After its invasion of Ukraine left Russia isolated, Moscow may feel it has more to gain from cozying up to Azerbaijan than Armenia, particularly after the latter made a public display of cozying up to the West and provided humanitarian aid to Kyiv. 

Earlier this month, the country conducted joint exercises with the U.S. military and the Armenian Parliament is set to vote next week on whether to accede to the International Criminal Court, which classifies Russian President Vladimir Putin as a war criminal — a move the Kremlin characterized Thursday as “extremely hostile.”

Inside Nagorno-Karabakh, Azerbaijan’s government has assured the region’s Armenian population that they will be treated humanely and afforded equal rights. 

But after months of blockades and blistering fighting, few ethnic Armenians believe it and many feel they have no choice but to flee.

Armenia would prefer former Nagorno-Karabakh servicemembers to join the military


YEREVAN, SEPTEMBER 29, ARMENPRESS. Armenia would like the former servicemembers of the Nagorno-Karabakh Defense Army – who are now among the forcibly displaced persons arriving to Armenia – to join the Armed Forces of Armenia for military service, the Deputy Minister of Defense Arman Sargsyan has said.

“We would really like the [former] servicemen of the Defense Army to join the Ministry of Defense of Armenia for military service, because they are our compatriots, and they can serve their experience and military knowledge for the Armed Forces of Armenia,” Sargsyan said when asked on the matter.

He said the Ministry of Defense must conduct a study in this regard.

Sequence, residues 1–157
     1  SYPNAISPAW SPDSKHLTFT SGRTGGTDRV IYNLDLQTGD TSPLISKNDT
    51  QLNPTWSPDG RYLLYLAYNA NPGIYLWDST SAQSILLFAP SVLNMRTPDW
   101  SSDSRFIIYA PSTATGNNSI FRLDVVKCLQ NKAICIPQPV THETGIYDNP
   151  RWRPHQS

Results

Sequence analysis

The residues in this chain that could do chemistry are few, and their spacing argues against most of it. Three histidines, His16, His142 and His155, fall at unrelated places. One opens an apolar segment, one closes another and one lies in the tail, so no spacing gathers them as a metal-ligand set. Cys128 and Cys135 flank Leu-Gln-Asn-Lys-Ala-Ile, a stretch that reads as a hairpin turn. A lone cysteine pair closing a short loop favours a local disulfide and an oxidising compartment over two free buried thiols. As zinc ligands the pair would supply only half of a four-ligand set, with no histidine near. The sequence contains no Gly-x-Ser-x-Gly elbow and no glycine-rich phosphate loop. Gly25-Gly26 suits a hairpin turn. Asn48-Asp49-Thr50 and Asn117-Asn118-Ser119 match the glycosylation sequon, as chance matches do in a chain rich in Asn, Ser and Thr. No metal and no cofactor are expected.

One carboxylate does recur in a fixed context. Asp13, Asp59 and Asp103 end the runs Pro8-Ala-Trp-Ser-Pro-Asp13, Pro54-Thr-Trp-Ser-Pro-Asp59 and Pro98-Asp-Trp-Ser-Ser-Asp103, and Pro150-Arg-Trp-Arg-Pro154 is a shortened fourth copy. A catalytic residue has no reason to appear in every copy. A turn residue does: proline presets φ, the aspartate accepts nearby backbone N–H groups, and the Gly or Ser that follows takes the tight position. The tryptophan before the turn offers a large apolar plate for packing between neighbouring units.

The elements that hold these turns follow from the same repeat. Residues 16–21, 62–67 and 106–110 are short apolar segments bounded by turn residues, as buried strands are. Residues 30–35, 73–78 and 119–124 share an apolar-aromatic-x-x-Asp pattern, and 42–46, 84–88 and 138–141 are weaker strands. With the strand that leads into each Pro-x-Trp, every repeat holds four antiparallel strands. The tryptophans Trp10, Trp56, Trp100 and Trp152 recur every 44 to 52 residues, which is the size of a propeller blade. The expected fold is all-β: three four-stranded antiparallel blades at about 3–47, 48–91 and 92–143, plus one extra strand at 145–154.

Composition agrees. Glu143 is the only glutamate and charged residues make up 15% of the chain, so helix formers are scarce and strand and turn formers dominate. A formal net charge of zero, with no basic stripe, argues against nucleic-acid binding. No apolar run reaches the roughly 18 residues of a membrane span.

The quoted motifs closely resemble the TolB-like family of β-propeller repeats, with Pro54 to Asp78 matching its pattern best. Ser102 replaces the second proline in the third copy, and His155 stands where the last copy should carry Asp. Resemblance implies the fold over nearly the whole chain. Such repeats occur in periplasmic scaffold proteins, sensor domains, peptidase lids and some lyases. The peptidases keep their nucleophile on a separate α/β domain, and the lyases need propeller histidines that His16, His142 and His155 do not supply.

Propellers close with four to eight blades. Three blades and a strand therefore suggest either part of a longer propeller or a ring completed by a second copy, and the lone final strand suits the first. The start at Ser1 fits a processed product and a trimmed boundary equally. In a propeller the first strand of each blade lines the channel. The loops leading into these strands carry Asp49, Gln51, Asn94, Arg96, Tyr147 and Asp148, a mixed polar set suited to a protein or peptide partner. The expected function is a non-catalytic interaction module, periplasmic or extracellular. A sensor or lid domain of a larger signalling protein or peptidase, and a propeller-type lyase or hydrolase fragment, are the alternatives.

Employment for the forcibly displaced persons from NK is among the priority humanitarian tasks, he added.

‘The world is seeing the true face of evil’: Patterson calls for action in Armenia

Sept 26 2023
Story by Stephene Price
FRESNO, Calif. (KSEE/KGPE) – Assemblyman Jim Patterson joins the tens of thousands of Armenians in the Central Valley and across California condemning the continued horrific violations of the ceasefire in the Artsakh region at the hands of Azerbaijan – calling on immediate federal action for Armenia.

Patterson says these acts of violence over the past many months have left 120,000 Armenians in Nagorno-Karabakh struggling to survive as they are critically low on food, fuel, and medicine, adding that countless lives are being needlessly lost in the wake of Azerbaijan’s latest full-scale military assaults in this region.

Fresno’s Medical Mission to Armenia: Treating the scars of 2020

“Right now, the World is seeing the true face of evil in Artsakh,” said Assemblyman Jim Patterson. “We, as a Nation, must stand with the Armenian people and, with a unified voice, call on Azerbaijan to stop its attacks and put an end to this bloodshed.”